Thinking about how to inject some creativity into my language classroom, last week I attended a poetry workshop with the Barking Foxes Poetry Stanza in east London. The theme was ballads, which was a new term for me.
Ballads are usually narrative, which means they tell a story.
Ballads began as folk songs, becoming popular during the Romantic movement of poetry in the late 18th century and continue to be used today in modern music.
For example, da DA da DA da DA da DA (four stressed and four STRESSED syllables)
Because the ballad was originally set to music, some ballads have a refrain, or a repeated chorus, just like a song does.
One famous ballad is The Rime of the Ancient Mariner by English poet Samuel Taylor Coleridge. It was written in 1797 and is the story of a sailor who has returned from a long voyage.
Watch the video and feel the rhythm of the story.
The Rime of the Ancient Mariner begins with the sailor telling his story to a stranger, called the Wedding-Guest, who is on his way to a wedding. Let’s look at what the sailor says:
The ship was cheered, the harbour cleared,
Merrily did we drop
Below the kirk, below the hill,
Below the lighthouse top.
The Sun came up upon the left,
Out of the sea came he!
And he shone bright, and on the right
Went down into the sea.
Were you paying attention to the definition of a ballad?!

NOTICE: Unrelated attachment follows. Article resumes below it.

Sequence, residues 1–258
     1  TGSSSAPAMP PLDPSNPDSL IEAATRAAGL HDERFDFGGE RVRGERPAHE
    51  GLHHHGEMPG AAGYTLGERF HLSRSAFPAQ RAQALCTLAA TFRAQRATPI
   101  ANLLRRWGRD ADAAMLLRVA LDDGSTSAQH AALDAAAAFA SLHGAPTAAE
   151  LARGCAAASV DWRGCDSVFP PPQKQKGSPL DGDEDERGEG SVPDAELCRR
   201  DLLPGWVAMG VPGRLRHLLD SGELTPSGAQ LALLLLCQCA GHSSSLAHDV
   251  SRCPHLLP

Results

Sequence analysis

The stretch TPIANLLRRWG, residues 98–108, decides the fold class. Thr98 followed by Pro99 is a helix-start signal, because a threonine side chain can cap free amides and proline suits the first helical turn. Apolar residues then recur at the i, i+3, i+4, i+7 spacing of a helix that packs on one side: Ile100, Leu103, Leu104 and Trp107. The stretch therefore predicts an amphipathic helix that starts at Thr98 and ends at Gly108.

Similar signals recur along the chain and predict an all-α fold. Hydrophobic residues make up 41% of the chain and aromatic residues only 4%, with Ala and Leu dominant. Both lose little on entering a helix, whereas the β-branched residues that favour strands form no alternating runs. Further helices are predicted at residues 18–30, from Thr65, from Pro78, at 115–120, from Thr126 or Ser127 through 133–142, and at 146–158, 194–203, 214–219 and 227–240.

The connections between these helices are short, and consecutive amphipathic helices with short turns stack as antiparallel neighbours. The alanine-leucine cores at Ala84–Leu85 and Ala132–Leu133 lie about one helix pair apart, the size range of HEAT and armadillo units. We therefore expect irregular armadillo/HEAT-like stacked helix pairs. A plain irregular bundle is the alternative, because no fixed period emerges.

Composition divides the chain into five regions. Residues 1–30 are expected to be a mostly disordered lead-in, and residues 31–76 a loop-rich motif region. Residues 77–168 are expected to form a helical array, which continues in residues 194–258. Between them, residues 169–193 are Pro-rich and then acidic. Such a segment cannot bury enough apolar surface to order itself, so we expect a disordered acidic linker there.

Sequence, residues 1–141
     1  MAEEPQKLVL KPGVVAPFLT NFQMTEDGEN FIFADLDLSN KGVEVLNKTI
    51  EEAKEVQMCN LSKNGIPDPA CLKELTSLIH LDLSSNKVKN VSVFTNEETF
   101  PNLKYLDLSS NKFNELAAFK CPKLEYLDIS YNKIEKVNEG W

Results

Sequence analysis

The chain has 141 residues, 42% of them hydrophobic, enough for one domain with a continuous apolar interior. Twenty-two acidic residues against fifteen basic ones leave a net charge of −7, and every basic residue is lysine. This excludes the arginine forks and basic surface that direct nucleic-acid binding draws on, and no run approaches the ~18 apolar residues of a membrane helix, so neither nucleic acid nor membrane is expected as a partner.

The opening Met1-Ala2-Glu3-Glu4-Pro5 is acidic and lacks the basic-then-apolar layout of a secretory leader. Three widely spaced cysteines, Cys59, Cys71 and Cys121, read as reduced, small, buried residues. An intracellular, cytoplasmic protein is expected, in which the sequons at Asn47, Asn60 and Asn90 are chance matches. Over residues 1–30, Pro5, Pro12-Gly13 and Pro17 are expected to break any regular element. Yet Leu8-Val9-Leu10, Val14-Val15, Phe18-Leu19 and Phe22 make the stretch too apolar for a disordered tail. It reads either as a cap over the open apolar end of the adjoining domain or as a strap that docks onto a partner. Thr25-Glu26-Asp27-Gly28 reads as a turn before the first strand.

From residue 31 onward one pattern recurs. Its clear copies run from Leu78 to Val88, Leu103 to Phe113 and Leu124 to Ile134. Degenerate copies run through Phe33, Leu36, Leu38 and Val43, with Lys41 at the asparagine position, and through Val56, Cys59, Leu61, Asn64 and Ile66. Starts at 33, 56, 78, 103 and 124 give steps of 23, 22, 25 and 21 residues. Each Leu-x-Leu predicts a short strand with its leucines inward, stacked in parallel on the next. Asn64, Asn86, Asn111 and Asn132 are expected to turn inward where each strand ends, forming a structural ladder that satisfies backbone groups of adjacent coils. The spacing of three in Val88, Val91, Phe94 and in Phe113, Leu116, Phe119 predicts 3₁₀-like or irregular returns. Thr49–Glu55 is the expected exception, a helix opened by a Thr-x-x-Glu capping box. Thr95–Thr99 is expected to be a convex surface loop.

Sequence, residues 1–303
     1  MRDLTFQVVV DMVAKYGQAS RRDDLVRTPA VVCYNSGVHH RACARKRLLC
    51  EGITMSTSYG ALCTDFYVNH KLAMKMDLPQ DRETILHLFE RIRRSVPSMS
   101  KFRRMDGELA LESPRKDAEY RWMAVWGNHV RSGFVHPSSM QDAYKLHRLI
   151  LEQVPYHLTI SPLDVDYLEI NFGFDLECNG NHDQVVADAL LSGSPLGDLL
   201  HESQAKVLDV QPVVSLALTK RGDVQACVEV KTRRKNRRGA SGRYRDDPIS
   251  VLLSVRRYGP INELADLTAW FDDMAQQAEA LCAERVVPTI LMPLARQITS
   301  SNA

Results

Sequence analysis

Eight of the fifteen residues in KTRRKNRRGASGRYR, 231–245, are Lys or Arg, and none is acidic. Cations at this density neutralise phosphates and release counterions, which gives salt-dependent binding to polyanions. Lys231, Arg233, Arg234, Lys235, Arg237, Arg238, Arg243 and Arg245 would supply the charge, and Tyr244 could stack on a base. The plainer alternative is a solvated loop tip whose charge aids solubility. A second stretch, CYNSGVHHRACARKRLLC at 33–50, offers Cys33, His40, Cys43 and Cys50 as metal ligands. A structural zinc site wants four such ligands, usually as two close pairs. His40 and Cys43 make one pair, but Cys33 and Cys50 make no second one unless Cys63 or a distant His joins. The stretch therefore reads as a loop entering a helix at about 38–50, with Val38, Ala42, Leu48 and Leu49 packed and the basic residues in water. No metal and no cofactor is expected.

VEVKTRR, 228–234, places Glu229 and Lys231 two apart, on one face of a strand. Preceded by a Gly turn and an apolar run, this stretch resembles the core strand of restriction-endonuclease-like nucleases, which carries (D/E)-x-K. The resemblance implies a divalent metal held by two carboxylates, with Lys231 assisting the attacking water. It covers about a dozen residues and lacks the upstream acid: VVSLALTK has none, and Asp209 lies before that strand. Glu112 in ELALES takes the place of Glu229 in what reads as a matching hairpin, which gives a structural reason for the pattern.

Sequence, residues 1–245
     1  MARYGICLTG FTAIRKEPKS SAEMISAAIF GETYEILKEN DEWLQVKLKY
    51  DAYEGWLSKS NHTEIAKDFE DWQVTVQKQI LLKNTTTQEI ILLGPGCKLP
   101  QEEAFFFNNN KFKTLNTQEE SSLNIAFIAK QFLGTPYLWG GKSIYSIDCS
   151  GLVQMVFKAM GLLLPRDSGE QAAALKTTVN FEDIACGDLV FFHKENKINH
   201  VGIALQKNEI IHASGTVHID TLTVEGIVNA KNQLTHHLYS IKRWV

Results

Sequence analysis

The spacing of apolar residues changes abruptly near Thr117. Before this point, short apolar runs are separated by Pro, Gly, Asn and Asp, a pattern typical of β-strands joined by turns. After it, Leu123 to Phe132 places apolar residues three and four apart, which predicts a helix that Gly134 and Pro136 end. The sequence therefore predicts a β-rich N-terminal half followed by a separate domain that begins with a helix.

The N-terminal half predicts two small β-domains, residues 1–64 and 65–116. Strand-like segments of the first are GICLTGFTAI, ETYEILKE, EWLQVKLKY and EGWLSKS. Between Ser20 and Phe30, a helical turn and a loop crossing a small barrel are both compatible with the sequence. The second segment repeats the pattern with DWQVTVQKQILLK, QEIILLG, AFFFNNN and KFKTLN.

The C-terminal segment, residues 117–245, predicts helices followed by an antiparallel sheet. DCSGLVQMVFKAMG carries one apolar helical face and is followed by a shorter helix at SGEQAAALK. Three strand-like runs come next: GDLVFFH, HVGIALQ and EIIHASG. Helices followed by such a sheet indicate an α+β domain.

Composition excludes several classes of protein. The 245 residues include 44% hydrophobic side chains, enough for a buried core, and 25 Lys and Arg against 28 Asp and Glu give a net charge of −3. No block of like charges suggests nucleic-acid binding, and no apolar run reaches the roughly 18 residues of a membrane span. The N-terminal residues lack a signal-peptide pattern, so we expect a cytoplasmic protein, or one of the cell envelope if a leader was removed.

OK. Read the two paragraphs above again and don’t worry too much about understanding all the words. Just focus on what you do understand.
Question 1: What is the sailor talking about in the first stanza?
Question 2: What is the sailor talking about in the second stanza?
Question 3: What type of story is this?
Question 4: How is the poem arranged?
Question 5: What is the rhyme scheme?
(*Answers at the bottom of the post.)
In the workshop we read the beginning of a ballad by W H Auden called Victor:
And the task was to carry on Victor’s story, trying to keep the ballad form.
This is what I came up with in five minutes (I arrived late!):
Listen to me read my ballad:
Can you hear the song-like quality of the ballad?
Can you come up with your own quatrains to add to Victor’s story?
Do you think your students would enjoy learning about and writing musical ballads?
Give it a go!
P.P.S. If you are attracted by the idea of being creative in the classroom, or learning in a creative way, maybe you’d like to join my online creative writing course starting in September.
Q1: In the first stanza, the sailor talks about how the ship set off and began its journey.
Q2: In the second stanza, it continues the journey as the sun sets and rises.
Q3: The sailor is telling us a story about what happened at sea, so this is a narrative.
Q4: The poem is also arranged in quatrains, which are four-lined stanzas.
Q5: The rhyme scheme is ABAB.
Adapted from http://study.com/academy/lesson/what-is-a-ballad-definition-examples-quiz.html